Province has moved ahead with an increase of the speed limit on a section of the 402 highway in Ontario. In light of this fact and what we know about road safety, accident death rates and injuries, Safety experts are coming out against the move to increase speeds on the 400 series. The Toronto Star has reported the following news:
Fatal crashes will rise by 21% if province proceeds with highway speed limit increase: experts
Four road safety experts urge politicians to consider the possibly deadly consequences of the policy.
NEWS Nov 22, 2019 by Ted Fraser Toronto Star
Fatal car crashes would likely rise by around 20 per cent on 400-series highways if the provincial government moved forward with its plan to raise speed limits from 100 kilometres per hour to 110 kilometres per hour.
This is what four road safety experts are telling politicians in a new "evidence-based" opinion article. They urge politicians to consider the possibly deadly consequences of the policy.
The authors, Geni Bahar, Ezra Hauer, Bhagwant Persaud, and Alison Smiley, write that the average highway driver does not travel at the maximum speed limit. Given this, the authors write that, if the speed is raised by 10 kilometres per hour, the average travelling speed would only increase by three to four kilometres per hour. Although this may seem like a small increase, they predict it will lead to 21 per cent more fatal crashes and 13 per cent more crashes causing injury.
"What may seem to be a moderate increase in mean operating speed is likely to translate into a sizable increase in fatalities and injuries," the authors write. "These are the facts, and this is what we should expect."
"It's a small increase, but the effect on the energy of the collision is exponential," said Smiley.
She explained that the increased kinetic energy, the energy an object has when it's in motion, increases at higher speeds.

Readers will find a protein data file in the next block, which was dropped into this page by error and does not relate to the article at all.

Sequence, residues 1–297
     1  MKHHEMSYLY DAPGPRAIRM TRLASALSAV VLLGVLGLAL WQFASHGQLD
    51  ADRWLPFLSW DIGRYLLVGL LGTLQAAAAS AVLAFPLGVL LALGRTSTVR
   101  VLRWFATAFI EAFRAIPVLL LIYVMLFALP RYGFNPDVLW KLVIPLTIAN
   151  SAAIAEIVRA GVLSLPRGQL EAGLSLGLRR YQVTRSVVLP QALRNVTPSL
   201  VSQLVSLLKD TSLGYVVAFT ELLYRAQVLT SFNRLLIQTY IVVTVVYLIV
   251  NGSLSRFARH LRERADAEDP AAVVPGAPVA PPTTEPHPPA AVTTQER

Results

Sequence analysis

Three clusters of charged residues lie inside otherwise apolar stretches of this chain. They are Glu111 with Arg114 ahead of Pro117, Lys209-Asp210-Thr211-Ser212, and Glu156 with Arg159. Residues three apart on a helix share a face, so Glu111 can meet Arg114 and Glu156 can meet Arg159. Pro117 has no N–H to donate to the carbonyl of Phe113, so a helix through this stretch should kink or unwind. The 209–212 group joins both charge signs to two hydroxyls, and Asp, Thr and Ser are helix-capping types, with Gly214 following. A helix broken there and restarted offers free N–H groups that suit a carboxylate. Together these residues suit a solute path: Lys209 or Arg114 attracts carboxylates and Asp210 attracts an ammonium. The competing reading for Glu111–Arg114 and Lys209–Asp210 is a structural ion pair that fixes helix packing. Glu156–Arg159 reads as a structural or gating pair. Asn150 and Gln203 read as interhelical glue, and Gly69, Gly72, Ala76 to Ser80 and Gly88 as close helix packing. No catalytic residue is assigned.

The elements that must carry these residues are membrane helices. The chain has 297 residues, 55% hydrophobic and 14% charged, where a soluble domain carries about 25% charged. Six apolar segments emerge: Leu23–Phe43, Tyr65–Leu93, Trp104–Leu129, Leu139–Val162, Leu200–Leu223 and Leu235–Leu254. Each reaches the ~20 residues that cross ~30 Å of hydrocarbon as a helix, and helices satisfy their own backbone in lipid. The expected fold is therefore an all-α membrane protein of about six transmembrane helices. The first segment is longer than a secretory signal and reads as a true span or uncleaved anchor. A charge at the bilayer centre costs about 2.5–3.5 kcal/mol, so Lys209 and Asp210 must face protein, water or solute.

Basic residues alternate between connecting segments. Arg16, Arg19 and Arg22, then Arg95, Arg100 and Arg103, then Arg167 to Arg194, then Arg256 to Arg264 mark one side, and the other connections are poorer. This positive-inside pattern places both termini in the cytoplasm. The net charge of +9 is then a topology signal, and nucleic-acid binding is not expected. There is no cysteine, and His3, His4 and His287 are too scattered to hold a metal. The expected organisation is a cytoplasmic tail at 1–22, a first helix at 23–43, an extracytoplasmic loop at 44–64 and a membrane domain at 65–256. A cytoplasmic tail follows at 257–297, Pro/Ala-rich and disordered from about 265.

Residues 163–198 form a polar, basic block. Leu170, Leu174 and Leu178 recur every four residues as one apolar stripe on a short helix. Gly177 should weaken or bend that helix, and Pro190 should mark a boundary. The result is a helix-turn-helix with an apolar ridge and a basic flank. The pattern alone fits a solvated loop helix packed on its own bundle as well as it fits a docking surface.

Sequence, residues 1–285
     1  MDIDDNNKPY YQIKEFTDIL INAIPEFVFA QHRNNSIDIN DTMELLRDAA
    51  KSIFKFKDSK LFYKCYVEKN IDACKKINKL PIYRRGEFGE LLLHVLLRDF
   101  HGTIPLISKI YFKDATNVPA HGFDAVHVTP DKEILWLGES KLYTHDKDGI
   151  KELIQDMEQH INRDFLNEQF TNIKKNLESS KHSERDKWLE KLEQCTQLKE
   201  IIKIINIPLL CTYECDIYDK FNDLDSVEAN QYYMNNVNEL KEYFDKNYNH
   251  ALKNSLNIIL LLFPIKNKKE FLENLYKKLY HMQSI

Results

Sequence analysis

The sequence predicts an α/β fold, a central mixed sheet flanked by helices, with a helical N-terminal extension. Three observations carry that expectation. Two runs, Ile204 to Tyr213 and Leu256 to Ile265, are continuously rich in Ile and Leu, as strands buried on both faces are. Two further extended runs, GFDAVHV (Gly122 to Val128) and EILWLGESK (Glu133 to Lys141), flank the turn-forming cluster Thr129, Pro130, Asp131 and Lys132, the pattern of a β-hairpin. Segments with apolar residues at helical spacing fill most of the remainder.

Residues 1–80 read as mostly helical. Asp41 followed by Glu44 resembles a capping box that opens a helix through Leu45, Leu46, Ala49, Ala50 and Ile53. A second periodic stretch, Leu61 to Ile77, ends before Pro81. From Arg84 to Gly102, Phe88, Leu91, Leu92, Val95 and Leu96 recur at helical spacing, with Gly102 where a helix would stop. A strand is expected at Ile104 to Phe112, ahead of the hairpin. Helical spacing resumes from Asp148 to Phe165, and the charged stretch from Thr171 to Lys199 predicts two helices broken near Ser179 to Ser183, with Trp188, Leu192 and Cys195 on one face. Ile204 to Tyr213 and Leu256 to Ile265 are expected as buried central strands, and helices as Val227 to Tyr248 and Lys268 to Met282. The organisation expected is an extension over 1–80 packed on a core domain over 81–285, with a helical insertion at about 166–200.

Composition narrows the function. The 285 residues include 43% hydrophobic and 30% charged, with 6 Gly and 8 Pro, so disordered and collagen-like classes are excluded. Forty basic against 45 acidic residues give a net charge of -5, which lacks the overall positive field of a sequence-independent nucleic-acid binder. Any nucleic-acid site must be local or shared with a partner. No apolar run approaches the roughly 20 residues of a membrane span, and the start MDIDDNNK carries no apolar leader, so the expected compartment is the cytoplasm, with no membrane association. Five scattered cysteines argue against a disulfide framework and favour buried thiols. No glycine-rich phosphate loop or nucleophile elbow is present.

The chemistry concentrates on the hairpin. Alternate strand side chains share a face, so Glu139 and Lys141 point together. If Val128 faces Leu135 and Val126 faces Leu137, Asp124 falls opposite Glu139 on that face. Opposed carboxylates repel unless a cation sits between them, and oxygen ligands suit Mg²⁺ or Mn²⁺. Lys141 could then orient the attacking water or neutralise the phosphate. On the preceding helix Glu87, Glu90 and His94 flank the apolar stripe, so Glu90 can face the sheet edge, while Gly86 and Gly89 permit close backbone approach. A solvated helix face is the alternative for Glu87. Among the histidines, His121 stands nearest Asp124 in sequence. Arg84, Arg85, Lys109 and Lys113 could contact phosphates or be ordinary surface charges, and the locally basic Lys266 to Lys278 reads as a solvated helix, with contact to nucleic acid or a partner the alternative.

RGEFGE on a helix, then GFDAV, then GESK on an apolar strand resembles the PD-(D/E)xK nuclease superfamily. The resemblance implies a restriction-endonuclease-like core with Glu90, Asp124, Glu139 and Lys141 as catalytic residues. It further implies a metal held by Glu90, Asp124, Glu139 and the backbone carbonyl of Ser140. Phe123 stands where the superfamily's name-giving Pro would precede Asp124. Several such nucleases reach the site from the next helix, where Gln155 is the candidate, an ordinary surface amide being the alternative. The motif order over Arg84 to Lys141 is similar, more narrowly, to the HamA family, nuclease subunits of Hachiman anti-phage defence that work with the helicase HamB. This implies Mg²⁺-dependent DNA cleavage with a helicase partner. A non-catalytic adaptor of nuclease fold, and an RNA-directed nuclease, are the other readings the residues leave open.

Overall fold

This "means that the accident is more severe and what was an injury becomes a fatality."
The six-page article comes after the Ontario government gave the green light to a pilot project in September which saw three stretches of highway, covering more than 200 kilometres collectively, increase their speed limit from 100 kilometres per hour to 110 kilometres per hour.
Brian Patterson, president and CEO of the Ontario Safety League, says that, while he doesn't believe a universal increase across the province is practical, he wants to wait and see how the test locations fare.
"As you probably know, there's people who can't believe we're not even going higher than 110 kilometres per hour," says Patterson. "I've driven on the Autobahn and other unrestricted roadways, and the driver discipline in those areas is significantly better than I see in the GTA."
Smiley says that the effects of increasing highway speed limits may be felt off the highway as well. "When people get used to higher speeds elsewhere, they bring that with them (to other roads.)"
In their paper, the four authors refer to British Columbia's experience in raising speed limits and note that, when limits were raised by 10 kilometres per hour on 1,300 kilometres of rural provincial highways there, severe crashes increased by 11.1 per cent.
In the short term, they predict that, "people will save time and trucks will be more productive," but fuel consumption and greenhouse gas emissions will rise, seniors may more reluctant to drive on the affected routes, and "crashes will be more severe and injuries and fatalities more numerous."
The authors write that "automated speed enforcement," could limit the number of highway crashes, but that, in this case, the province would have to commit to a comprehensive photo radar system or to "a massive and sustained increase in the police force devoted to speed enforcement."
Sgt. Kerry Schmidt said previously that the OPP "will continue to do our job and work with the ministry … to ensure drivers understand their responsibilities. If you are travelling at higher speeds … you need to have more focus, more attention."
"I think it would be nice if we had politicians who were champions of road safety," Smiley said.
Joshua Henry, in media relations for the Ministry of Transportation, wrote, "safety on our roads is our number one priority," in an email to the Star.
"Over the course of the pilot, the province will monitor changes in average speed, traffic volumes and other factors such as collision trends in the pilot areas and similar highway sections to determine the effects of bringing posted limits in line with other jurisdictions and how people currently drive," he continued.
"Before any decisions are made about raising speed limits permanently, we will monitor the effectiveness of the pilot and consider all safety concerns and suggestions raised by stakeholders, our enforcement partners, and members of the public."
With files from Margaryta Ignatenko
Ted Fraser is a breaking news reporter, working out of the Star's radio room in Toronto. Follow him on Twitter at @ted_fraser.
Ted Fraser is a breaking news reporter, working out of the Star’s radio room in Toronto. Follow him on Twitter at @ted_fraser.